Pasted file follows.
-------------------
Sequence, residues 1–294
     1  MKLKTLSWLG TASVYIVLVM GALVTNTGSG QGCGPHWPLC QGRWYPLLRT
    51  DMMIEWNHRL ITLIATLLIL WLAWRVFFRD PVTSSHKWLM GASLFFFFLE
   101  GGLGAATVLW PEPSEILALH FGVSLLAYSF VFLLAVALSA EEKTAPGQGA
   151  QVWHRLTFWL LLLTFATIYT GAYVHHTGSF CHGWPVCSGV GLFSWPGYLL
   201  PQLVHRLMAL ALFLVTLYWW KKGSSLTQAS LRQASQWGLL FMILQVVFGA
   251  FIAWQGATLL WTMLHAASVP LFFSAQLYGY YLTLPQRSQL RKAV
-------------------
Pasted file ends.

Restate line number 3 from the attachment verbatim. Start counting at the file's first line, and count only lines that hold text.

    51  DMMIEWNHRL ITLIATLLIL WLAWRVFFRD PVTSSHKWLM GASLFFFFLE